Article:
A legendary name in Sony’s PlayStation circuit, Neversoft is responsible for creating some of the biggest hits of its time, including Spider-Man, Tony Hawk’s Pro Skater, and Guitar Hero among others. While Tony Hawk failed to meet its projected sales numbers, the studio managed to stay relevant with the Guitar Hero series. However, the business reached its saturation point soon after, forcing parent Activision to merge Neversoft with Infinity Ward, the creators of the Call of Duty series. Neversoft officially shut down on July 10, 2014, two decades since the day of inception.

Radical Entertainment (1991-2012)

The modern video gaming industry sorely misses mid-tier development studios. These are best defined as companies that slot right between the AAA or the big-budget companies and the low-budget studios. Vancouver-based Radical Entertainment was one of the greatest AA studios best known for titles like Prototype, The Simpsons: Hit & Run, and The Incredible Hulk: Ultimate Destruction. Although Prototype 2 was critically acclaimed and well-received, the game sold fewer than a million copies worldwide. Today, Radical has been reduced to a shadow of its former self and languishes as a support studio for Activision.

Clover Studios (2004-2007)

Source: wallpaperstock.net

Unlike most of the other names on this list, Clover Studios shutting down is less regrettable as the original creators currently operate under the guise of Platinum Games. However, the latter’s reputation isn’t as robust as Clover. And although Clover was just around for three years, their track record includes a slew of popular titles like Okami and Viewtiful Joe. Clover’s last venture God Hand was commercially successful, but parent Capcom still decided to shut the team down in 2007.

Pandemic (1998-2009)

This Los Angeles-based gaming studio was independently run for most of its lifespan but was taken over by Electronics Art only to be shut down two years into the acquisition. Pandemic was a powerhouse for a decade, specializing in third-person action titles like Star Wars Battlefront, Mercenaries, Full Spectrum Warrior, and The Sabatouer. Although the studio launched Mercenaries 2 and Destroy All Humans in 2009, the titles went on to be sales disappointments, forcing EA to shut Pandemic down on November 17. 2009.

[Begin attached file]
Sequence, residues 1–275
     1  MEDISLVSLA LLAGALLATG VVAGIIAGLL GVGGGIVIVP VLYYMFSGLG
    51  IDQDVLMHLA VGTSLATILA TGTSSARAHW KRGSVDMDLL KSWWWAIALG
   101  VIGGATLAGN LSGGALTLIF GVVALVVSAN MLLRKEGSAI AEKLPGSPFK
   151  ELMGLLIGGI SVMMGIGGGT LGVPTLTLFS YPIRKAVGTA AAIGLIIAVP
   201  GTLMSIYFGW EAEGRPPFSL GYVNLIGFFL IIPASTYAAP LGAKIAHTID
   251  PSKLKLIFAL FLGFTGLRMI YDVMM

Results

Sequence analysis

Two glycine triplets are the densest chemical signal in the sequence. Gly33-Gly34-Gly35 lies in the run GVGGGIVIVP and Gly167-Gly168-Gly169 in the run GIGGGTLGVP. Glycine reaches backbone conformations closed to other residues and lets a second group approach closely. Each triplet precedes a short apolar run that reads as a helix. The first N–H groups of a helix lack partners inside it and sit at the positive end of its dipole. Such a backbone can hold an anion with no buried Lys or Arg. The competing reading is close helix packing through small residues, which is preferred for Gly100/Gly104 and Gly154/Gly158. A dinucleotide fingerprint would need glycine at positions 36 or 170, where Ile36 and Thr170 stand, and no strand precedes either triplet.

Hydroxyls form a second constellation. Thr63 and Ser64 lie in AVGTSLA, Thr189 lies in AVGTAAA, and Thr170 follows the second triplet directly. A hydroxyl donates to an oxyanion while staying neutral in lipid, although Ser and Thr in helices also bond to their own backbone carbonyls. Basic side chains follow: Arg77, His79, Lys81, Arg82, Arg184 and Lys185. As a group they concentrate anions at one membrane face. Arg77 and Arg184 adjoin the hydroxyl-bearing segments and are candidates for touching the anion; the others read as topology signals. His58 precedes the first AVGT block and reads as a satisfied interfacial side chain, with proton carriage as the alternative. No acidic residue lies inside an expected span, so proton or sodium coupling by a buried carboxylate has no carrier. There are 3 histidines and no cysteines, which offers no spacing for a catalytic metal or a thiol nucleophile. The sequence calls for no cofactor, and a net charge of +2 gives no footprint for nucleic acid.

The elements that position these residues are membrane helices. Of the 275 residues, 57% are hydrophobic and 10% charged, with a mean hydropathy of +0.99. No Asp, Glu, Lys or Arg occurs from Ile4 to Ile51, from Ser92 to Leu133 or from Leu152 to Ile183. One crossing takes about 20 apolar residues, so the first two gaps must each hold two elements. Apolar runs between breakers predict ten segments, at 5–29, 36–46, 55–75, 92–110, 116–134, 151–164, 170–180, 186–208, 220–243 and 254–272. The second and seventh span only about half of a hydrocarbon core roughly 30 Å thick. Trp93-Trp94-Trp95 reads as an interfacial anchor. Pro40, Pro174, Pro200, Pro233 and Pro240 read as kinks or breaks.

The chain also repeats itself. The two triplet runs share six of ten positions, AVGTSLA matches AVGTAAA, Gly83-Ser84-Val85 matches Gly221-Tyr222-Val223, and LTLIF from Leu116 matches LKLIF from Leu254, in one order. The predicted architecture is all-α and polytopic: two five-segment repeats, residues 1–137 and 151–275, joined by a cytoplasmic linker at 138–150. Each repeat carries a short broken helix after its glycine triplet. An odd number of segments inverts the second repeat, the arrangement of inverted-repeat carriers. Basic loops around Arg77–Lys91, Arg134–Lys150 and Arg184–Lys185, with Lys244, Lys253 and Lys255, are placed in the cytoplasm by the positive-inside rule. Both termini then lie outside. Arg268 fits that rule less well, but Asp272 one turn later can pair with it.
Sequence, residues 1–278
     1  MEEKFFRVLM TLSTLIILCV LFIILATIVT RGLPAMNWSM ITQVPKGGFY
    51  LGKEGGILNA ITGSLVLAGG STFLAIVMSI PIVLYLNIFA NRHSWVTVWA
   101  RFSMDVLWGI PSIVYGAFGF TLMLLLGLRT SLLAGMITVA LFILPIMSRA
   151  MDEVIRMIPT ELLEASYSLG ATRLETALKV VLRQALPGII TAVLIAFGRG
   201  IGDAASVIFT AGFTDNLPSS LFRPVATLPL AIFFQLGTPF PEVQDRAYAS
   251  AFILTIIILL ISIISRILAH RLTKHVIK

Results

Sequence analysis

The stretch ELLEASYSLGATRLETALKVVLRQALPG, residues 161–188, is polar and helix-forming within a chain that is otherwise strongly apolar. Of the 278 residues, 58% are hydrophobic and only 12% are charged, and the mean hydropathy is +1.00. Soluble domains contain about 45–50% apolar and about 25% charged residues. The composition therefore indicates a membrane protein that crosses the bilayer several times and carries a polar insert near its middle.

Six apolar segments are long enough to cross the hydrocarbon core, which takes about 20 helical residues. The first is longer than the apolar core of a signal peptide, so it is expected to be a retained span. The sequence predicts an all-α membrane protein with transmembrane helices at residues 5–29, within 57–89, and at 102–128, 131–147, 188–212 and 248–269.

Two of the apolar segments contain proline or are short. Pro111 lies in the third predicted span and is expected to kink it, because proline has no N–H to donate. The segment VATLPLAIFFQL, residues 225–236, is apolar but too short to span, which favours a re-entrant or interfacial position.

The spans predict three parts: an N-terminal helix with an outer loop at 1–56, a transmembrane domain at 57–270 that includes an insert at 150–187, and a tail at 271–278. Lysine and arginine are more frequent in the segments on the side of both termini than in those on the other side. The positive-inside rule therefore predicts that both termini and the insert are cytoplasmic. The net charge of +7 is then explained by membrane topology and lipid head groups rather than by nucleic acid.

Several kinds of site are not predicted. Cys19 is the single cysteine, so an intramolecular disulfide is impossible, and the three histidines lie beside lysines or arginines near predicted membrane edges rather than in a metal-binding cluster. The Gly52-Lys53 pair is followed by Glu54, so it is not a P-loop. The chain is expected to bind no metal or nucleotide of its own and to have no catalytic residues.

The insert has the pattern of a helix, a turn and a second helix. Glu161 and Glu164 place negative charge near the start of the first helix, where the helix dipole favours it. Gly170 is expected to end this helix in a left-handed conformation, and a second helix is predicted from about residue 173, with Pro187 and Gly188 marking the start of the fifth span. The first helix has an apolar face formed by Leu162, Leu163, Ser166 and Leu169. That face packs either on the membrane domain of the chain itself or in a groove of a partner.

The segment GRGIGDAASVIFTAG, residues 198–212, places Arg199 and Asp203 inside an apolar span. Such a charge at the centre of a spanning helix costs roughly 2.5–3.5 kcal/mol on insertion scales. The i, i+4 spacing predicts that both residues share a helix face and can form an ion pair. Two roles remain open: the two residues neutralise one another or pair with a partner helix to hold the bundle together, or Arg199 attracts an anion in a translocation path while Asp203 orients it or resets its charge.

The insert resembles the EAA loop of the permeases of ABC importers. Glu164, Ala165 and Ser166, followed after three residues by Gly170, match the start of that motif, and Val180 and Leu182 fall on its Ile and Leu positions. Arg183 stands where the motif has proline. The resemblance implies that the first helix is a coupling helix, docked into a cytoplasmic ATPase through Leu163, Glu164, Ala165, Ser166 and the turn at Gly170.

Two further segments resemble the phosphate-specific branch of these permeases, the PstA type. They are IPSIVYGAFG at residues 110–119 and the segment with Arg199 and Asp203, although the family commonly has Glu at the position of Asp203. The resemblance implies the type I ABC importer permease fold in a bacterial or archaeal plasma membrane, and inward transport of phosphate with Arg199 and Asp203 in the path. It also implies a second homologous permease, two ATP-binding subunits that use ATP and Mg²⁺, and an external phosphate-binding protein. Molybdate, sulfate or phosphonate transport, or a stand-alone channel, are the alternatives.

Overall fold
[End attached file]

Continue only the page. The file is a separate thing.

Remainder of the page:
Free Radical Design (1998-2014)

Source: well-played.com.au

The decline and bankruptcy of Free Radical Design are perhaps one of the most tragic tales of the video gaming industry. The creators are best remembered for titles like Star Wats Battlefront, Timesplitters, and Haze. The studio was working on the third installment of the Star Wars series when parent Lucasarts decided to pull the plug on the company following the poor reception of Haze. Fans had a brief moment of relief as Crytek took over the studio in 2009 and the firm was called Crytek UK. But the glory was short-lived as the studio officially shut down in 2014.

Bizarre Creations (1988-2011)

Liverpool-based Bizarre Creations established itself as a pedigree racing game designer with popular titles like Project Gotham Racing, Blur, and Geometry Wars: Retro Evolved. Bizarre made a name for itself in the gaming community before diverging into console gaming. Things started getting downhill in 2007 after Activision purchased the studio from Microsoft. A few failed titles later, Bizarre Creations officially shut down in late 2010, almost two decades since inception.